Spoiler Warning: If you have not played BioShock or BioShock 2, this article contains spoilers. Big ones. I’m serious.
BioShock was far more than just a first-person shooter. It was a story told in architecture and voice-overs and character animation. BioShock’s underwater world of Rapture was actually a grand tour through the ruins of one man’s dream. Andrew Ryan was a man who believed — as most Objectivists do — that he had truly understood human nature, and he built a perfect society based on the principles of individualism, capitalism and the ultimate freedom, the ability to carve a life out of the wilderness and rise as far and as fast as your skills and abilities will take you. The tragedy of Rapture was the ultimate flaw in the Objectivist worldview – that human beings are not and can never truly be free because we can never be alone. We are social beings. We are fitted by the millions of years of evolution that shapes our nature to be pack animals, not solitary hunters. We are not cheetahs.
The tragedy of the splicers and Rapture itself is not that ADAM (the gene-modifying substance that gave everyone in Rapture amazing powers) caused the downfall of society, but that it merely accelerated the inevitable destruction of Ryan’s dream. ADAM and the powers it gave were, ironically enough, the ultimate fulfillment of Ryan’s philosophy. It gave everyone the opportunity to evolve in whatever direction they chose and the power to carve out a niche for themselves in the world and defend it against all comers. The end result of the Objectivist dream society resembles the Wild West – an anarchy where those who have the biggest guns rule and those too weak to defend themselves prove their moral unfitness by their failures. In Ryan’s world, there is no greater vice than altruism.
BioShock 2 takes the ultimate story point of BioShock and flips it on its head. It places you in the clunking boots of a Big Daddy and has you hunting through the still crumbling ruins of Rapture some eight years after the events of the first game for your “Little Sister.” Your foe this time around is Doctor Sophia Lamb. Lamb was a clinical psychiatrist brought to Rapture by Andrew Ryan to combat widespread depression and dissatisfaction in Rapture. The problem for Ryan was that Rapture’s philosophy was diametrically opposed to her own. Lamb is a collectivist. More than that, she’s a “communist” in the truest sense of the word. She views humanity not as a series of discrete individuals but as an extended family, a commune of essentially interchangeable parts where individualism is not only frowned upon, it’s a crime against group solidarity. Love is the universal possession of all humanity and to love one more than another is a tear in the fabric of society.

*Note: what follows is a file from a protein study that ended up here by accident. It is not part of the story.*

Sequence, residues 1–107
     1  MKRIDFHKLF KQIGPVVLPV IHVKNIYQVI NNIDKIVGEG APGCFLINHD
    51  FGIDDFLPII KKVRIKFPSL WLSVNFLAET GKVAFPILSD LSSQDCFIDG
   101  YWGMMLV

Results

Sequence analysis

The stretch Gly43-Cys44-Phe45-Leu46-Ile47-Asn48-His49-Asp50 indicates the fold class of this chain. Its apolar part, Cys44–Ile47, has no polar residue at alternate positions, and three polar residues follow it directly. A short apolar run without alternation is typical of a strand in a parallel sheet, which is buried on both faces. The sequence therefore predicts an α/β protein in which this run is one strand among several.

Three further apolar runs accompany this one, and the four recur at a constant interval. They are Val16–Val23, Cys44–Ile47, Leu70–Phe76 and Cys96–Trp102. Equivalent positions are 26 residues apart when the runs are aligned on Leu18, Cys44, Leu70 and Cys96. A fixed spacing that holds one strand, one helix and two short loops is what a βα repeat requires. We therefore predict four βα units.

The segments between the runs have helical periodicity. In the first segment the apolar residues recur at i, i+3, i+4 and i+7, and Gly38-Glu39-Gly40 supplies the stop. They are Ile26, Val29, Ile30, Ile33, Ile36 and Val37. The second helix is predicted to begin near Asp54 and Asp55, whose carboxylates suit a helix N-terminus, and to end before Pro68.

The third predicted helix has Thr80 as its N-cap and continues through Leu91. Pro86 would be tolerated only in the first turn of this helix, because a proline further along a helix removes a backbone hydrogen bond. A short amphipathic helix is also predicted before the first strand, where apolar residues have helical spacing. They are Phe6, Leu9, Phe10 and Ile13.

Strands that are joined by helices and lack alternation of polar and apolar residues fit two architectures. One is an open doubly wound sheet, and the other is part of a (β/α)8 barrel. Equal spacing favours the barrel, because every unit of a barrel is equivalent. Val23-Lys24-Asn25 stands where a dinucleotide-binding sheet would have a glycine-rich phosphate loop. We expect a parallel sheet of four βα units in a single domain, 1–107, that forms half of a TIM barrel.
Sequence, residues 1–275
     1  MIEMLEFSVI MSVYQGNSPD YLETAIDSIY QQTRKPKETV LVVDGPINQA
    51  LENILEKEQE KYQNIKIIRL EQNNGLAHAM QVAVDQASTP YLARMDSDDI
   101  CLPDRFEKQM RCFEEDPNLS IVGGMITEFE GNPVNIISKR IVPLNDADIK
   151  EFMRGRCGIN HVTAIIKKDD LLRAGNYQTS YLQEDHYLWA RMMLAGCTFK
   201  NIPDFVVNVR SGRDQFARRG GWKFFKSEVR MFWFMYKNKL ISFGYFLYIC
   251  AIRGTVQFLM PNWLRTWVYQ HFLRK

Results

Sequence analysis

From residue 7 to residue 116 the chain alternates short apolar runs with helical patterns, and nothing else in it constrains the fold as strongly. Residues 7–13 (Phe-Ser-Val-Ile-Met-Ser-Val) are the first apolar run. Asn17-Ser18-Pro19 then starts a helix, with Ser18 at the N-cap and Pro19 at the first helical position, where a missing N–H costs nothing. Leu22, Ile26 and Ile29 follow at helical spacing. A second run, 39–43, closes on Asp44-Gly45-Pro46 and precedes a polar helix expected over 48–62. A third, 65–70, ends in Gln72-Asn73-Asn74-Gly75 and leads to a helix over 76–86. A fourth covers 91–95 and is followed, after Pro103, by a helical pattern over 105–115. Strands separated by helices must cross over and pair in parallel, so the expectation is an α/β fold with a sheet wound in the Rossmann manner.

In BioShock 2, the player must battle against the Rapture Family, a collectivist society molded by Lamb to be the very model of a socialist future. Throughout the game, one is exposed through voice diaries to the tenets of Lamb’s philosophy and it’s here that BioShock 2 has its greatest success. I’ve rarely come across a more devastating critique of socialism than Sophia Lamb. This is a woman who understands the inherent contradiction at the heart of the socialist enterprise – that it’s not a society that can ever be realistically created by human beings. The fact is that for a socialist society to work, one must have a race of beings that are utterly selfless. You need people that can work for the good of all without a thought to their own benefit. You need people without individual attachments or families or loyalties to anything beyond the collective body politic. In short, you need a herd. The thing is, just as humans aren’t cheetahs, neither are we cows.